Amblyomma babirussae Schulze, 1933

Petney, Trevor N., Boulanger, Nathalie, Saijuntha, Weerachai, Chitimia-Dobler, Lidia, Pfeffer, Martin, Eamudomkarn, Chatanun, Andrews, Ross H., Ahamad, Mariana, Putthasorn, Noppadon, Muders, Senta V., Petney, David A. & Robbins, Richard G., 2019, Ticks (Argasidae, Ixodidae) and tick-borne diseases of continental Southeast Asia, Zootaxa 4558 (1), pp. 1-89: 14-15

publication ID

http://doi.org/ 10.11646/zootaxa.4558.1.1

publication LSID

lsid:zoobank.org:pub:lsid:zoobank.org:pub:71232906-9C90-4A6E-B893-83AC1574C8CA

DOI

http://doi.org/10.5281/zenodo.4541855

persistent identifier

http://treatment.plazi.org/id/03DD87C4-FFD5-FFF9-1EFC-DB05FDEAFEBB

treatment provided by

Plazi

scientific name

Amblyomma babirussae Schulze, 1933
status

 

Amblyomma babirussae Schulze, 1933  

This is usually recorded as a species from montane rainforests in Sulawesi ( Indonesia), where adults occur on artiodactyls and immatures on rodents ( Keirans and Robbins 1987; Petney and Keirans 1995; Guglielmone et al. 2014); however, there is a recent record from Thailand ( Cornet et al. 2009). Unfortunately, these latter authors do not supply information on the number, life history stages or hosts of the specimens collected, and some of the literature used for identification is out of date. Confirmation of the presence of this species in continental Southeast Asia is required before its establishment can be definitely determined. It has been found from sea level to ca. 1,800 m throughout the year ( Keirans and Robbins 1987). Humans can also be attacked ( Keirans and Robbins 1987; Durden and Page 1991).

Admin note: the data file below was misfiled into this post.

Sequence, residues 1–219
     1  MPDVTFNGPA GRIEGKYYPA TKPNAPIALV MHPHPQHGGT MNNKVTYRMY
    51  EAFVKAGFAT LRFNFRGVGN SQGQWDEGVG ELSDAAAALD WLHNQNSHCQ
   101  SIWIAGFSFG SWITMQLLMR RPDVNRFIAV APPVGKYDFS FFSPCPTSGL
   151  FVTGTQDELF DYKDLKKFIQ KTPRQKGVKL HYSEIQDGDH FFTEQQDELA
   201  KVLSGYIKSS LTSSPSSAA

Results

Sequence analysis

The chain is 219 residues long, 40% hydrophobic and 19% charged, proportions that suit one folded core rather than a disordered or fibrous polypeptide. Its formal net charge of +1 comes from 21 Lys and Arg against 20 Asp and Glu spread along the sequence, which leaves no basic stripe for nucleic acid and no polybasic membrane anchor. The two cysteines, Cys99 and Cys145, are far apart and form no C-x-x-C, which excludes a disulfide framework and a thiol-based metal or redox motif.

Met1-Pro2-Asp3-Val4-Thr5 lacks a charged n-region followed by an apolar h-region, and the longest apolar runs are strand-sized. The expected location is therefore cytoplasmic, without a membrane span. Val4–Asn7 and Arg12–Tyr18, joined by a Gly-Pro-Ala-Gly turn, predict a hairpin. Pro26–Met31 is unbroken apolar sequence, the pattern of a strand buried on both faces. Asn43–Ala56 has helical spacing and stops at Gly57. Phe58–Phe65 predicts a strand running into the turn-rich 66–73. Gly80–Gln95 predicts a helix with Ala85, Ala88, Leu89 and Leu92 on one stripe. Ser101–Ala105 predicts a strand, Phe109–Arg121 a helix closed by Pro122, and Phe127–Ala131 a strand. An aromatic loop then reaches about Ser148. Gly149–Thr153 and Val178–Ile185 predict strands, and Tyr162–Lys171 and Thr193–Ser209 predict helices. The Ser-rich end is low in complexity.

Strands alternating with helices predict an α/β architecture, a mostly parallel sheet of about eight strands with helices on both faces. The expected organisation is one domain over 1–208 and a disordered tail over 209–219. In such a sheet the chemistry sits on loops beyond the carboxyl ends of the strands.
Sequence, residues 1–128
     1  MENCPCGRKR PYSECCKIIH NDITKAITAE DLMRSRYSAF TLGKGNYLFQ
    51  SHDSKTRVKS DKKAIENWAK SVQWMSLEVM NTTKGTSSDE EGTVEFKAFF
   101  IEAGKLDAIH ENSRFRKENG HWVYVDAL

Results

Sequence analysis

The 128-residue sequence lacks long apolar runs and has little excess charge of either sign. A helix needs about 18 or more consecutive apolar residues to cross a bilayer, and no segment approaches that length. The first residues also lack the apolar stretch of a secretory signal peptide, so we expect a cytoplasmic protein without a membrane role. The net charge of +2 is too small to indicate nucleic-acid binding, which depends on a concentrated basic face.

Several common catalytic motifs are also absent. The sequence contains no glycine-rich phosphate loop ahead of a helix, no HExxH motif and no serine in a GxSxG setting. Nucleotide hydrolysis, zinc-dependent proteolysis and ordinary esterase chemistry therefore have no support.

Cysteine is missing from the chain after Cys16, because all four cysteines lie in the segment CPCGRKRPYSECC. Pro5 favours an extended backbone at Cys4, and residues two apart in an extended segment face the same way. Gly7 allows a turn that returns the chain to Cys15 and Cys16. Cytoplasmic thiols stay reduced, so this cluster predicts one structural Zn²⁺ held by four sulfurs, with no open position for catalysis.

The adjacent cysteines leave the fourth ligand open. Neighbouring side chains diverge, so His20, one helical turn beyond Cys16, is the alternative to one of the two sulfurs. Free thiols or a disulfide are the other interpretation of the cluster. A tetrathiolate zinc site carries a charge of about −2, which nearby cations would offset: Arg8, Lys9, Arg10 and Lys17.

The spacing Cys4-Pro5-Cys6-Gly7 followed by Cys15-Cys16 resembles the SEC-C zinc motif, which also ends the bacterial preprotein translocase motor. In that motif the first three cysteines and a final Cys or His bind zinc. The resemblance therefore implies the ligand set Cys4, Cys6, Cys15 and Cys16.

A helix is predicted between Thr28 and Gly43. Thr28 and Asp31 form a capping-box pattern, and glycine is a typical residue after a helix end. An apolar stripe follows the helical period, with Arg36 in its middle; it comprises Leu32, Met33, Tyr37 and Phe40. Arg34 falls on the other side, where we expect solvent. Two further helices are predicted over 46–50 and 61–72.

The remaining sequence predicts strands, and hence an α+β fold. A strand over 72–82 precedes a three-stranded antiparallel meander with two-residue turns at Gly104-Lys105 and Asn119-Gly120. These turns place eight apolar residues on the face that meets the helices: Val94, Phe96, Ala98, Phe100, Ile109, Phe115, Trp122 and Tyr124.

Durden and Keirans (1996) list this species as potentially endangered because one of its principal hosts, the wild pig Babyrousa celebensis   (frequently listed as B. babyrussa   , however this taxon has been divided into three separate species; Meijaard and Groves 2002a, b), is listed as threatened by the International Union for the Conservation of Nature.

All life history stages of this species are described in Keirans and Robbins (1987), and the male, female and nymph by Voltzit and Keirans (2002).

Kingdom

Animalia

Phylum

Arthropoda

Class

Arachnida

Order

Ixodida

Family

Ixodidae

Genus

Amblyomma